Wednesday, 29 June 2011

The Spotted Redshank.

It was no big surprise - though a pleasant one - to find the Spotted Redshank (SR) had returned to Conder Green yesterday 28 June for its 'umpteenth' year. Having checked my records over the past five years this species has only been absent from Conder Green for a few weeks - only four in 2009 - each year before making its return to winter in the area.

2007. Last seen on 24 April - 3 July return, 10 weeks absent.
2008. Last seen on 1 May - 20 June return, 7 weeks absent.
2009. Last seen on 18 May - 16 June return, 4 weeks absent.
2010. Last seen on 3 May - 28 June, 8 weeks absent.
2011. Last seen on 26 April - 15 June return, 8 weeks absent.

The breeding range of the SR stretches from northern Fennoscandia eastwards across northern Siberia to the Chukotskiy Peninsula. the female spends just a few weeks on the breeding grounds before departing leaving the male to continue incubation. The SR's wintering range extends from equatorial Africa through the Middle East, across southeast Asia to southeastern China, up to 200 are thought to winter in Britain.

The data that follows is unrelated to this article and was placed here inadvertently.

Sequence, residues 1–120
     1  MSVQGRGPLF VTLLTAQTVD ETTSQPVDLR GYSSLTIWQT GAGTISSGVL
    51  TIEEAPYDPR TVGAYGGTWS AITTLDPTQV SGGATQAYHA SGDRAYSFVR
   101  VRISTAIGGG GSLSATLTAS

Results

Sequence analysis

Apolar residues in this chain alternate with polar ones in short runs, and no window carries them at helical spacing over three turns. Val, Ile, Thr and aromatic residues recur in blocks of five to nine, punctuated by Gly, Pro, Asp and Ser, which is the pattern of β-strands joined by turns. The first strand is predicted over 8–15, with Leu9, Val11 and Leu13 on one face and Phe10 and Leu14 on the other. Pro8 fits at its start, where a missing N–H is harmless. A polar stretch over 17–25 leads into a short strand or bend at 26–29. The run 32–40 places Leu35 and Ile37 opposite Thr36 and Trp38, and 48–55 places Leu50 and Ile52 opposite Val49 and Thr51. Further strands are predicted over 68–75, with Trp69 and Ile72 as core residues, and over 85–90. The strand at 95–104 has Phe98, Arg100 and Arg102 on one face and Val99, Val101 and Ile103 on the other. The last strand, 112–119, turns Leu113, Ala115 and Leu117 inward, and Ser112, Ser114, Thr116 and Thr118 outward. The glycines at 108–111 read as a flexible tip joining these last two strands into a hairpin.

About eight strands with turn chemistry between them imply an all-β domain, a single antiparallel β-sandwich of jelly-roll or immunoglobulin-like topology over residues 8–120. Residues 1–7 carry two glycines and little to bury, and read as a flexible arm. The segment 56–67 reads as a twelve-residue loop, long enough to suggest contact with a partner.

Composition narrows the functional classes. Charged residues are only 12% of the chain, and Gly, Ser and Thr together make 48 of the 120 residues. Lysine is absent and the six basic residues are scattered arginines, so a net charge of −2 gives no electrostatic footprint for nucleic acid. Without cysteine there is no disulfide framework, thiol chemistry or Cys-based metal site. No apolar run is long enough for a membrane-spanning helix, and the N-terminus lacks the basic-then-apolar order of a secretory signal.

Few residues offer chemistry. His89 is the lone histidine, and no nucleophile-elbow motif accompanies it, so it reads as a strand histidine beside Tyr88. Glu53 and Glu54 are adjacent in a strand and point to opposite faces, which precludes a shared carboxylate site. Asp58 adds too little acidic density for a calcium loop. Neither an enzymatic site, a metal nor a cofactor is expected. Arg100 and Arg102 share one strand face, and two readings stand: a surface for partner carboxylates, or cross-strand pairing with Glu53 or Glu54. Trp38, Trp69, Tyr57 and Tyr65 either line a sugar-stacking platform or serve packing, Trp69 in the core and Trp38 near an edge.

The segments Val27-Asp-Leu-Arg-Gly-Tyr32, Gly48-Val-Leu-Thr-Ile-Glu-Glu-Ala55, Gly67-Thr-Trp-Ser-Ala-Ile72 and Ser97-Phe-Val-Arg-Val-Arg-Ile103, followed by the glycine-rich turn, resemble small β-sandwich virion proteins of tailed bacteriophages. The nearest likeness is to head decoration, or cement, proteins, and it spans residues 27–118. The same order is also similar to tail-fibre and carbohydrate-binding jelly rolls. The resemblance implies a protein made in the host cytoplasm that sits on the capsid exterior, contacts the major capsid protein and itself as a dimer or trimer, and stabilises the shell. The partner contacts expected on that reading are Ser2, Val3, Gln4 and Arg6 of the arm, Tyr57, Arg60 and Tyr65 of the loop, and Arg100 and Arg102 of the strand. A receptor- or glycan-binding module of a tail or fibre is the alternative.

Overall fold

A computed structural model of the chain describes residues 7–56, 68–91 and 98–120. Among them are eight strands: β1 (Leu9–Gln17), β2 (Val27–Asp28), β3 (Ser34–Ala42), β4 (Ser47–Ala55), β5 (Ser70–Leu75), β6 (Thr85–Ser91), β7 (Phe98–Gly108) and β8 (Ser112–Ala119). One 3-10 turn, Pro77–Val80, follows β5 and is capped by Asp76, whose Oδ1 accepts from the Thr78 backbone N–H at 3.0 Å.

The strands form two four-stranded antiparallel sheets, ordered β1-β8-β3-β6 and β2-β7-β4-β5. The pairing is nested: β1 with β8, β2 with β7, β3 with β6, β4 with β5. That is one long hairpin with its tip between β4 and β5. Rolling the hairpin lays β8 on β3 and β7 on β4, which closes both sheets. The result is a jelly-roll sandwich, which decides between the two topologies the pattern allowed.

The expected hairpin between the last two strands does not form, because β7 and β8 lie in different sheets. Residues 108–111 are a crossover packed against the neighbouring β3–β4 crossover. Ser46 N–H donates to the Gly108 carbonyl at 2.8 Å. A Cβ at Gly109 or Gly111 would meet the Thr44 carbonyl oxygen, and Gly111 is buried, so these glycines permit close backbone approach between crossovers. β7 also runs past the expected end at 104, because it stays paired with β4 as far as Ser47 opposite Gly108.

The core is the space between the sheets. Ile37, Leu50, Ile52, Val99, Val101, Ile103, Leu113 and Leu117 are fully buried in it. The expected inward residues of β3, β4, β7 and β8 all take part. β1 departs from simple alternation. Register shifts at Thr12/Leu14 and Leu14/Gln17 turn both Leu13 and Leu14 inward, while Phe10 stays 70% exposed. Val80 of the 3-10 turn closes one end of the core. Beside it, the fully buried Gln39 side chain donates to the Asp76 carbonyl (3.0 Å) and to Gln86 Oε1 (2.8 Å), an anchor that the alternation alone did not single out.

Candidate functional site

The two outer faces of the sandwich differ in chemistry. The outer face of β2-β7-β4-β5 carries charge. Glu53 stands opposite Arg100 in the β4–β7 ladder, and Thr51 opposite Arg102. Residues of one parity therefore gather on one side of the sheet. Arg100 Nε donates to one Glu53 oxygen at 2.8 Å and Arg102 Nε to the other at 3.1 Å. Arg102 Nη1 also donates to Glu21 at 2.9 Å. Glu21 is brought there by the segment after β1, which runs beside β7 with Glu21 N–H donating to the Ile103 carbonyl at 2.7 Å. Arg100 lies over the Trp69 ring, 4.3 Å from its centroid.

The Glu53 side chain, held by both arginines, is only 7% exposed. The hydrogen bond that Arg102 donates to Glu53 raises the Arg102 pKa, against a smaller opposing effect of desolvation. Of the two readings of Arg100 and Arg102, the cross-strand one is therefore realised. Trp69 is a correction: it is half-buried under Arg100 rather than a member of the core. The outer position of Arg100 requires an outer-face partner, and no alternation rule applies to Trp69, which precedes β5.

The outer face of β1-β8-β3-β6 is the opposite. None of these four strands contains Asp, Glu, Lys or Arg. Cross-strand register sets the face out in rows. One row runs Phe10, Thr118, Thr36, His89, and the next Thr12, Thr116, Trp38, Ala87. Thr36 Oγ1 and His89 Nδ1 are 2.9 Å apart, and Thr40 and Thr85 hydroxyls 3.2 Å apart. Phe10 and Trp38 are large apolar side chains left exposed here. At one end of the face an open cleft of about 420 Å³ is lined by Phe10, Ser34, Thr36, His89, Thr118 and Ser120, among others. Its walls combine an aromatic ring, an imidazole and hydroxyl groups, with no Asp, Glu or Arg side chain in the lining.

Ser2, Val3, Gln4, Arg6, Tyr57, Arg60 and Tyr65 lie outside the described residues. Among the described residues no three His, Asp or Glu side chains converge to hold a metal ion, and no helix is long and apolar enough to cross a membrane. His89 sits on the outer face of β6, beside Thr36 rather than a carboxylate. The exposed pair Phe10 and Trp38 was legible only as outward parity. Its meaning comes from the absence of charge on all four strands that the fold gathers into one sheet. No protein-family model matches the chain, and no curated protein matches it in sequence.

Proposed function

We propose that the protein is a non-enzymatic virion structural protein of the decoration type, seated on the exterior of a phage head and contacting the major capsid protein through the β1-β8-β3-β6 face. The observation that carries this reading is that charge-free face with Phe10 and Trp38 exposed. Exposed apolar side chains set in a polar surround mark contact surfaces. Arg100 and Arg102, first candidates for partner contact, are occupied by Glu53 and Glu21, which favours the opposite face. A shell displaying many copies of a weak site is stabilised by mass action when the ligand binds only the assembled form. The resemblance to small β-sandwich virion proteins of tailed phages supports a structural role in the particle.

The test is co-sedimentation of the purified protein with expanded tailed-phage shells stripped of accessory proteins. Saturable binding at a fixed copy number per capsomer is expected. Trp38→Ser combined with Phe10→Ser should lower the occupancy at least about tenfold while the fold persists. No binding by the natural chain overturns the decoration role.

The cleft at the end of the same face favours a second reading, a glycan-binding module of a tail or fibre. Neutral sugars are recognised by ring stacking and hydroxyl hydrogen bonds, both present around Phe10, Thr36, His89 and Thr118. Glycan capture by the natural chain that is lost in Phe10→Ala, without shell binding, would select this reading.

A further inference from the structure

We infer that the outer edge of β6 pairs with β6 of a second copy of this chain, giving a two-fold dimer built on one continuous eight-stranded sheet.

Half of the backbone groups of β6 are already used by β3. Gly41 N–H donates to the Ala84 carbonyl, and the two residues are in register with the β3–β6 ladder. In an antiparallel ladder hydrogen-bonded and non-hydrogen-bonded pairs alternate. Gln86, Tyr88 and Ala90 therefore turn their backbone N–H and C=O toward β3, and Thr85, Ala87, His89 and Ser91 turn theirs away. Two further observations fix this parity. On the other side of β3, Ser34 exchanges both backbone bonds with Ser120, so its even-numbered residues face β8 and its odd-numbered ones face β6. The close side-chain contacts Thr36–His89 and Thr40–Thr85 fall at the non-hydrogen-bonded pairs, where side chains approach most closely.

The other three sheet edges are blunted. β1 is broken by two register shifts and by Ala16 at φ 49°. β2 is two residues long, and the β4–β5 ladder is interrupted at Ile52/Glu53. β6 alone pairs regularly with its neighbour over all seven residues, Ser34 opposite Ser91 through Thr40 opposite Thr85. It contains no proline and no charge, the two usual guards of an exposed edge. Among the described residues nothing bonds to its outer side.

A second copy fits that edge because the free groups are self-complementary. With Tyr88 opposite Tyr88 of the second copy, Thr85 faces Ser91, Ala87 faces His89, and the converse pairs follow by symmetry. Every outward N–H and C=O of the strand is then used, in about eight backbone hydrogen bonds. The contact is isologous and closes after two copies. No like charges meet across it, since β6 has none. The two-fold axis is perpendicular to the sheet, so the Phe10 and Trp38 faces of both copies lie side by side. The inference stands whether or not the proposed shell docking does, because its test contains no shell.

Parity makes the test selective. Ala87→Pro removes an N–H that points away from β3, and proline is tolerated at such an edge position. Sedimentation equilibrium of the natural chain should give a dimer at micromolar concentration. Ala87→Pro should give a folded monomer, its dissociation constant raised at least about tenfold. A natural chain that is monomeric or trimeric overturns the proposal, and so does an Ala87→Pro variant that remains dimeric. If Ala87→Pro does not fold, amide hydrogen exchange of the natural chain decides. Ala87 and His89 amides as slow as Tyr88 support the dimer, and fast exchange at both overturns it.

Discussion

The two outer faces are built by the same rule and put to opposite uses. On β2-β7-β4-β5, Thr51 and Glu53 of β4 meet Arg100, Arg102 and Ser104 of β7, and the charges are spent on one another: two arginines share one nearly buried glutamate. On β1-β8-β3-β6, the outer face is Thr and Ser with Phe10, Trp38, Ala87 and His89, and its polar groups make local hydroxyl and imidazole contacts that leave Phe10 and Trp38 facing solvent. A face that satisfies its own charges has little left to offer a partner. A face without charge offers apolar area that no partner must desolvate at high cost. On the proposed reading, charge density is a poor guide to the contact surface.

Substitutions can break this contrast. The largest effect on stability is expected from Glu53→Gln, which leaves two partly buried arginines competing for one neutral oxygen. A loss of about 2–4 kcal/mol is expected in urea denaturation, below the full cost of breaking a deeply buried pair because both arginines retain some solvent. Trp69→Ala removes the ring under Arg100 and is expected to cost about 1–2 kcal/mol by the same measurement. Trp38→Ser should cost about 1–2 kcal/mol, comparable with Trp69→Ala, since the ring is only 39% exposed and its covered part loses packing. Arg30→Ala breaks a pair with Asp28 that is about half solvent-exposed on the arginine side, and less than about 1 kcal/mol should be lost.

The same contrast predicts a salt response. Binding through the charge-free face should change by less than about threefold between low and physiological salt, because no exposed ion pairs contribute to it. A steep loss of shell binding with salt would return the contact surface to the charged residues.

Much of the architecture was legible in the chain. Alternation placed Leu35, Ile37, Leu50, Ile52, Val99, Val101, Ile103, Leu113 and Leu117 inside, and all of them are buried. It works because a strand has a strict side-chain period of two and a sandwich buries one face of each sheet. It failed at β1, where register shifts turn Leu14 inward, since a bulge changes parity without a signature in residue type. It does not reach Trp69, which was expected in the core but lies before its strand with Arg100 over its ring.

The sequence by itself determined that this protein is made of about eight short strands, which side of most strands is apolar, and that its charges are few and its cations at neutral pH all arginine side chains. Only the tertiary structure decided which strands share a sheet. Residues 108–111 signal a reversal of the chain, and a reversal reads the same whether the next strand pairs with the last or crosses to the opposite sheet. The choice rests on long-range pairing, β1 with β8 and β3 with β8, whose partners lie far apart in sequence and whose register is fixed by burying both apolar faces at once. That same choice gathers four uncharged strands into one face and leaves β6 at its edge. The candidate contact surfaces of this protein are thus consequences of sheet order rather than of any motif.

In Oakes day in the first half of the 20th century there were no published records of SR in the County of Lancashire for 35 years between 1922 and 1957, but two years later in 1959 birds began to be recorded in the winter months in Lancashire. Outside this area in Norfolk a truly amazing record of 187 SR's were at Snettisham on 13 September 1977.

The SR has always been a bird to fascinate me in that it is unique in its transformation from a pale individual during the winter, to a wholly black one - with the exception of some fine white speckling above - in its summer breeding plumage which is how this bird presented itself at Conder Green yesterday to my pleasure. This same individual will now be seen here until a date sometime next year in April/May.

And this is my very first post on Birds2blog without a photograph in sight, but....there's one of a juvenile on the Fylde Bird Club website HERE and another of an adult in summer plumage HERE

Having been taken by surprise with six Stonechat from the Hawthornthwaite Fell track last Friday I intend to do a search of three areas hopefully tomorrow....but the weather will dictate whether or not I carry out the threat.


Geoff Gradwell said...

Pete, thanks for all your comments and I love your blogs, they are so informative. Thanks for sharing. I'll be back that way soon if I can tear myself away from my patch and you know who!

Pete Woodruff said...

You're too kind with your comments but much appreciated all the same Geoff, and thanks for showing your interest.